It’s time for the fourth chapter in the 1943 Batman serial, “Slaves of the Rising Sun”! Kind of hard to mistake the implication in that title I suppose. But just in case you did, a slew of anti-Japanese epithets should clue you in.
So we pick up from the end of chapter 3, where Batman and Robin engage in a spirited round of fisticuffs in order to thwart Dr. Daka’s plan to blow up a supply train — which I guess was a vital cog in American’s war effort against Japan? — and retrieve his lost radium gun.
Aside from the opening action sequence, the absolute best part of “Slaves of the Rising Sun” is hearing Lewis Wilson’s atrocious Indian accent. If you ever wondered what it would sound like if Boston was in the middle of India, you need to watch this.
Here are some cool images taken during a Memorial Day parade in Washington, D.C., circa May 1942. As this was the first Memorial Day since the United States military officially entered World War II it likely took on extra significance. I’m no military expert so I can’t identify any of the units in these photos. I’m assuming they’re reserve units, but I could be wrong. There’s a few shots in this gallery of what was referred to at the time as a Colored unit.
Photography credit goes to Thomas McAvoy for Life magazine.
Since his introduction in Detective Comics #27 (May 1939), Batman has maintained a fairly consistent image. No doubt that’s part of his timeless appeal. That and he kicks lots of ass. So with the release of The Dark Knight Rises nearly upon us, I figured now was as good a time as any to look back at the evolution of the Caped Crusader, as seen in his major media incarnations.
For the sake of image size and my sanity I’ve not included every variation of Batman, but I think I’ve hit the most important and iconic ones. Here’s a lower-res sample of the the full infographic:
For the full-resolution version of this infographic, click HERE. You may need to right-click and open in a new tab/window if it doesn’t display correctly.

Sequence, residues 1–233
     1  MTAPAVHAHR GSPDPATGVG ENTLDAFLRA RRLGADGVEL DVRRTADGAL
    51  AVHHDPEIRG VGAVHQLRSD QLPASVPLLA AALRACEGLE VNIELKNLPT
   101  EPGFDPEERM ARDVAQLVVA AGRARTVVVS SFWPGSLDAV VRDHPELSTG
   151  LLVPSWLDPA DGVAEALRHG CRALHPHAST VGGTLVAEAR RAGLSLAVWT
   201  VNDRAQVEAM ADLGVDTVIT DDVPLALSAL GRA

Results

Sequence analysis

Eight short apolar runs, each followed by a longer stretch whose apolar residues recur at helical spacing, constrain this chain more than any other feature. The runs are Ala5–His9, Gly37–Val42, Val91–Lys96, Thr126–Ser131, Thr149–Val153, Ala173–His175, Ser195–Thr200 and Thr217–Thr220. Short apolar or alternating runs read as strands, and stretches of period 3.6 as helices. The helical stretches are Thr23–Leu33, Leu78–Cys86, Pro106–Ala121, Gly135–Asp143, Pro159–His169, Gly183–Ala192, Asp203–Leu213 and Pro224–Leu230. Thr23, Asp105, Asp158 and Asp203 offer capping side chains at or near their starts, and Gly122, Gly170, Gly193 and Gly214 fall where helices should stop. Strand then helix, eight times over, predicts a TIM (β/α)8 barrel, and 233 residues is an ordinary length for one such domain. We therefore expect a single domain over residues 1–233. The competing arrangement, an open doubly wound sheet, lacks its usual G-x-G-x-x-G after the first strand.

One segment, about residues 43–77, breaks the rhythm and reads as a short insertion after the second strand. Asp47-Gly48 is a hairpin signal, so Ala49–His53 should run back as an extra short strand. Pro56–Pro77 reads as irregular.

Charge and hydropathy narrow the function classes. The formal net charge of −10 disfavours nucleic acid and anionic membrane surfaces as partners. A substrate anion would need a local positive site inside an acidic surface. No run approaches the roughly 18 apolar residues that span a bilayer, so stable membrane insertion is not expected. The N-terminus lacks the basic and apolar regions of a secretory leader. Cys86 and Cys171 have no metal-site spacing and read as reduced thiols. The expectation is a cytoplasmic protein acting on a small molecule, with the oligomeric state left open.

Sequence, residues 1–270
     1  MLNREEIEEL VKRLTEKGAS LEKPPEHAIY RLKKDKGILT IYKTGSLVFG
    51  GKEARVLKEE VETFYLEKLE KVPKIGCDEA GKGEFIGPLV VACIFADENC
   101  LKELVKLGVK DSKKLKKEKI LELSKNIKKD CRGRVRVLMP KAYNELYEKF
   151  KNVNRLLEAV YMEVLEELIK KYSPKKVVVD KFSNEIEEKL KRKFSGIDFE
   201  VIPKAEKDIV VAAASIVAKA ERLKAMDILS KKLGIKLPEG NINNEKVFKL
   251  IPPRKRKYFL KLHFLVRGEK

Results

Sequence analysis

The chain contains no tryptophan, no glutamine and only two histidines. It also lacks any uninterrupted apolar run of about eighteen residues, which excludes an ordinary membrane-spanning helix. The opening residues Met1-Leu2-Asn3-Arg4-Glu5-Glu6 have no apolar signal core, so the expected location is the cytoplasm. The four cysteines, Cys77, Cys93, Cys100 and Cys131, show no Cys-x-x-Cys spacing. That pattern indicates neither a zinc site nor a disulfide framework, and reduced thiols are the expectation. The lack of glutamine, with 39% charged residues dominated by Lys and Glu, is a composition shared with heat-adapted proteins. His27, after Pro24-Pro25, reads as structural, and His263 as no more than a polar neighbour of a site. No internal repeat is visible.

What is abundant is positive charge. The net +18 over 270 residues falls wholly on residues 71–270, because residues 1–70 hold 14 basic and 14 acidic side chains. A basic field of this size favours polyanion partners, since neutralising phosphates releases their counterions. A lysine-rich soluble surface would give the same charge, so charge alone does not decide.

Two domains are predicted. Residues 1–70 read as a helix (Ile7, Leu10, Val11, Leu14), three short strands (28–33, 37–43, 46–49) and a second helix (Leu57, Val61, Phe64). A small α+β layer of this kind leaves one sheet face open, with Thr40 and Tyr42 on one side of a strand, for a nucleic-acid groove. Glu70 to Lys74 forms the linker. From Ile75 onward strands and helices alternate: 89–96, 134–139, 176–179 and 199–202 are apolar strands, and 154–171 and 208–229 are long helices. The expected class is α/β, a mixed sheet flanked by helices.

School is almost out for the summer for a lot of kids in the U.S., but they can still learn! And what better topic to learn about than jazz? That’s what Julian “Cannonball” Adderley must’ve thought, as he narrated a 1961 album called A Child’s Introduction to Jazz. It was released on Riverside Records (RLP 1435) as part of their “Wonderland” series, designed to teach kids about a variety of topics in an entertaining way.
Throughout, Adderley narrates the history of jazz and talks about the genre’s roots in work songs, blues, and ragtime, and brings the listener through Dixieland, Swing, and Bebop. He also explains the instrumental makeup and musical structure of jazz.
Numerous songs and clips back up his lessons, which makes the whole experience rather rich and informative. Some of the legendary jazz artists featured on this record are Scott Joplin, Sidney Bechet, Jelly Roll Morton, Louis Armstrong, King Oliver, Fats Waller, Ma Rainey, Duke Ellington, Wes Montgomery, Art Blakey, Bix Beiderbecke, Thelonious Monk, Bill Evans, Woody Herman, Coleman Hawkins, and John Coltrane.
This is a fascinating record and I highly recommend listening to the whole thing at least once.
(Spotify users — you can listen to many of the songs featured on Sunday Jazz by subscribing to my GFS Sunday Jazz playlist.)
We’re back for the thrilling third chapter of the 1943 Columbia Pictures Batman serial, starring Lewis Wilson as the Dark Knight! In this installment, Batman narrowly escapes death while rescuing Linda Page from Dr. Daka’s henchmen.
Page’s father — Dr. Martin Warren (Gus Glassmire) — still in Daka’s clutches, refuses again to join Daka and is turned into a mindless zombie through the use of one of the more complicated contraptions I’ve ever seen in a movie.